Cost of Health Care in the USA

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http://www.commonwealthfund.org/Health-Reform.aspx

http://www.commonwealthfund.org

A source of statistics, figures, and PowerPoint slides.

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http://www.sciencedaily.com/releases/2009/05/090514160950.htm

Costs of interacting with insurance plans is $31 billion annually and 6.9 percent of all U.S. expenditures for physician and clinical services.

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Woolhandler S, Himmelstein DU. Costs of health care administration in the United States and Canada, NEJM 2003;349:768-772

http://content.nejm.org/cgi/content/full/349/8/801

30% of health care dollars go to non-health care

Administrative costs per capita/yr US = $596, Canada $193 (three fold difference)

MD office costs per capita/y, US = $566, Canada = $164

In 1999 private insurers retained $46.9 billion of $401.2 billion collected in premiums.

Private overhead (11.7 %) exceeded Medicare (3.6 %) and Medicaid (6.8 %).

Overall, public and private insurance overhead totaled $72.0 billion — 5.9 percent of the total health care expenditures. Physicians’ administrative costs were $72.6 billion — $261 per capita, or 26.9 % of physicians’ gross income or $259 per capita

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Relman A. Second opinion: Rescuing America’s health care. Public Affairs, New York NY, 2007, p.91-2

Medical malpractice (premiums, verdicts, defensive medicine) consume $20-80 billion, about 4% of total health care.

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Poisal JA, et al. Health spending projections through 2016. Health Affairs, February 21, 2007, Web exclusive W242.

Keehan S, et al. Health spending projections through 2017. Health Affairs, February 26, 2008.

$2.3 trillion annually and 16.6% of our GDP on health care, $7,800 per capita, health care costs are rising at twice the cost of living, in 2016 the GDP rate will be 19.6%

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Gross D. National health care? We’re halfway there. New York Times, December 3, 2006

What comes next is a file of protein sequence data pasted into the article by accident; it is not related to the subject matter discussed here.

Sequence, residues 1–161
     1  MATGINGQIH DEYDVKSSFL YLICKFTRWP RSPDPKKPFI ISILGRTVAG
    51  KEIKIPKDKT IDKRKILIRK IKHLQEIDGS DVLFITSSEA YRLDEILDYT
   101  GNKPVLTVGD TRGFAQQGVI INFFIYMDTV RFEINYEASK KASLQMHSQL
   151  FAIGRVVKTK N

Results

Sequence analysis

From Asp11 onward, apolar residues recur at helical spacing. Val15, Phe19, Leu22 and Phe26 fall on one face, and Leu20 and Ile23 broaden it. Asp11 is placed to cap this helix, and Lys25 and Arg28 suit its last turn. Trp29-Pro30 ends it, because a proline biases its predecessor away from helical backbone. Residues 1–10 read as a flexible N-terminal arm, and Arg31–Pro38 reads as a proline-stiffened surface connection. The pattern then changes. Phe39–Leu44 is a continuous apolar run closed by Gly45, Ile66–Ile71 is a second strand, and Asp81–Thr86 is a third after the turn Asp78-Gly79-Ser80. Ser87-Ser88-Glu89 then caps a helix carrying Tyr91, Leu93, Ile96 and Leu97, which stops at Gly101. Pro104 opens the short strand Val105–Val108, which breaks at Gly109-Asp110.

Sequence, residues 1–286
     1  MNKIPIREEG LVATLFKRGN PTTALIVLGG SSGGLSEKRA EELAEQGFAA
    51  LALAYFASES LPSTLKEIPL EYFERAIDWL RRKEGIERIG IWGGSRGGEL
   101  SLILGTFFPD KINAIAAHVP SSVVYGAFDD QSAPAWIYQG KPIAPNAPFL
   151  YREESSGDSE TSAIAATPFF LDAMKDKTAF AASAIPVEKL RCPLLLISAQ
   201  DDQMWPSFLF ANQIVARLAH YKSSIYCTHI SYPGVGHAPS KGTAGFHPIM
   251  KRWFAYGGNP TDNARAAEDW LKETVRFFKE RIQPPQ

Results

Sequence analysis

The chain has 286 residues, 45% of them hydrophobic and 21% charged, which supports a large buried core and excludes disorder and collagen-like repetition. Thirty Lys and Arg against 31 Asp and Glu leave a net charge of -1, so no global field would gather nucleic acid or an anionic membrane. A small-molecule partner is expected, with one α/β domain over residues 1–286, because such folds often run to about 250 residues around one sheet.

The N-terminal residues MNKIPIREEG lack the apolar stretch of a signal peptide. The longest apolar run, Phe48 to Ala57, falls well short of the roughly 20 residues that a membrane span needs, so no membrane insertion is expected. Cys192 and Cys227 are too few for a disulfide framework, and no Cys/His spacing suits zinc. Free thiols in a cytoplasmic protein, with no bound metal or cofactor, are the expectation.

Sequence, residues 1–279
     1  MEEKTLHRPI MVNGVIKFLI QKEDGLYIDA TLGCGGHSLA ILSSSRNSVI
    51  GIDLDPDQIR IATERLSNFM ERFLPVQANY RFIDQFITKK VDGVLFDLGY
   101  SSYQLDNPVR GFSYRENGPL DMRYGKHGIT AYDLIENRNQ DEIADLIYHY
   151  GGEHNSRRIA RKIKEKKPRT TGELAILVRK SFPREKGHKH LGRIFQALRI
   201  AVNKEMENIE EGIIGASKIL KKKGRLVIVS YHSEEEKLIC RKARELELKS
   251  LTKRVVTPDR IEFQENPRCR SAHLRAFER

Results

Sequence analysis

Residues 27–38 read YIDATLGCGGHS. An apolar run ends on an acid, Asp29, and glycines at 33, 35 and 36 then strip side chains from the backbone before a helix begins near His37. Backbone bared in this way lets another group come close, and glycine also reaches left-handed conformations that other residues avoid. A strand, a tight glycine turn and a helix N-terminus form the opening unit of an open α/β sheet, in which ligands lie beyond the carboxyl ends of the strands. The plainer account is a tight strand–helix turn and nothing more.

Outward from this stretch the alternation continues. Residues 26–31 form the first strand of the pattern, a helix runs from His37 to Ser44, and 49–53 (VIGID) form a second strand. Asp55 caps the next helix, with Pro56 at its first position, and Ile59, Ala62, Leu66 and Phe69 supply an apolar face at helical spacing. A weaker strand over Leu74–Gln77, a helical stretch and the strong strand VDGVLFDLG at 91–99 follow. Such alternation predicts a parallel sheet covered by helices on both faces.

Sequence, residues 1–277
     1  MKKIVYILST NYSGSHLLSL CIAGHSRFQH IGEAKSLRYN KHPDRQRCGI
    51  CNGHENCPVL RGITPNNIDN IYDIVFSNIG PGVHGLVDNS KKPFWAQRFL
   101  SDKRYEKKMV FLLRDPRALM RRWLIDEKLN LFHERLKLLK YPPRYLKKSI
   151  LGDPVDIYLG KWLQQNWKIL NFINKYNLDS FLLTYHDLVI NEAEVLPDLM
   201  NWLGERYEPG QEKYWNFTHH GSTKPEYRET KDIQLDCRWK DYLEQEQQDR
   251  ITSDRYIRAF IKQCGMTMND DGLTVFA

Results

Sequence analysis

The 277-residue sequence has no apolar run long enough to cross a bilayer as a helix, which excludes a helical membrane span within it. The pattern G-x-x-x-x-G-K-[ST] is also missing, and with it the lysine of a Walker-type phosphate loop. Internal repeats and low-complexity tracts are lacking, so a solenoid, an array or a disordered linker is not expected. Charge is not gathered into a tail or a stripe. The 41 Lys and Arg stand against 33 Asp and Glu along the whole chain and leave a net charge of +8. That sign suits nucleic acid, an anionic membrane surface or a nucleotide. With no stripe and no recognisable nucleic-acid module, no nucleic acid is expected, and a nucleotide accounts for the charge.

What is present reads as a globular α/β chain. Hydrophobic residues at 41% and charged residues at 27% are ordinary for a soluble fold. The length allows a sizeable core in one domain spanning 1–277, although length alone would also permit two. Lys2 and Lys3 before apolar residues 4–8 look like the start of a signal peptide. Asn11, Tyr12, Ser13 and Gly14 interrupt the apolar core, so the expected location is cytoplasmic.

Private insurance covers 30% of total US health expenditures

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Kahn JG et al. The cost of health insurance administration in California: Estimate for insurers, physicians, and hospitals. Health Affairs 2005;24:6

In California, 22% of private health insurance premiums go to administrative costs unnecessary in a public program

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Graham Center One-Pager. Who will have health insurance in 2025? American Family Physician 2005;72(10). http://www.aafp.org/afp/20051115/graham.html

Average health insurance premiums will exceed family income in 2025      

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JD Kleinke. Oxymorons: The myths of the US health care system. Jossey-Bass, San Francisco, 2001, p.192

US health insurance industry consumes over $300 billion annually in administrative

costs.

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Ian Urbina. In the treatment of diabetes. New York Times, January 11, 2006, p.1

Average worker carries the same insurance policy for just six years before changing.

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Kaiser Family Foundation, 2005, Trends and indicators in the changing health care marketplace.

            Insurance rates increased 73% since 2000

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Casalino LP, Nicholson S, Gans DN, Hammons T, Morra D, Karrison T, Levinson W. What does it cost physician practices to interact with health insurance plans? Health Affairs Web Exclusive, May 14, 2009, w533–w543

http://content.healthaffairs.org/cgi/content/abstract/28/4/w533?maxtoshow=&HITS=10&hits=10&RESULTFORMAT=&author1=Casalino&andorexactfulltext=and&searchid=1&FIRSTINDEX=0&resourcetype=HWCIT

Dealing with private insurance companies cost US physicians about $31 billion, or

$68,274 each.

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Relman, Arnold http://www.nybooks.com/articles/22798?email

physicians influence decisions to use medical services far more than patients do. volume and types of services provided to patients—and hence total health costs—need to be controlled by forces other than the market, such as professional standards and government regulation.

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Kenneth J. Arrow, “Uncertainty and the Welfare Economics of Medical Care,” The American Economic Review, Vol. 53, No. 5 (December 1963).

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http://www.cbo.gov/ftpdocs/100xx/doc10016/Testimony.1.1.shtml

http://www.cbo.gov/publications/bysubject.cfm?cat=9

Per capita spending varies widely within the Medicare program, not correlated with health outcomes, from roughly $4,000 in Utah to $6,700 in Massachusetts in 2004, In 2005, average costs ranged from about $5,200 in the areas with the lowest spend­ing to nearly $14,000 in the areas with the highest spending

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Locke, G. Fixing Health Care Is Good for Business – How many aspiring entrepreneurs are stuck in dead-end jobs because of health concerns? Wall Street Journal Opinion, August 28, 2009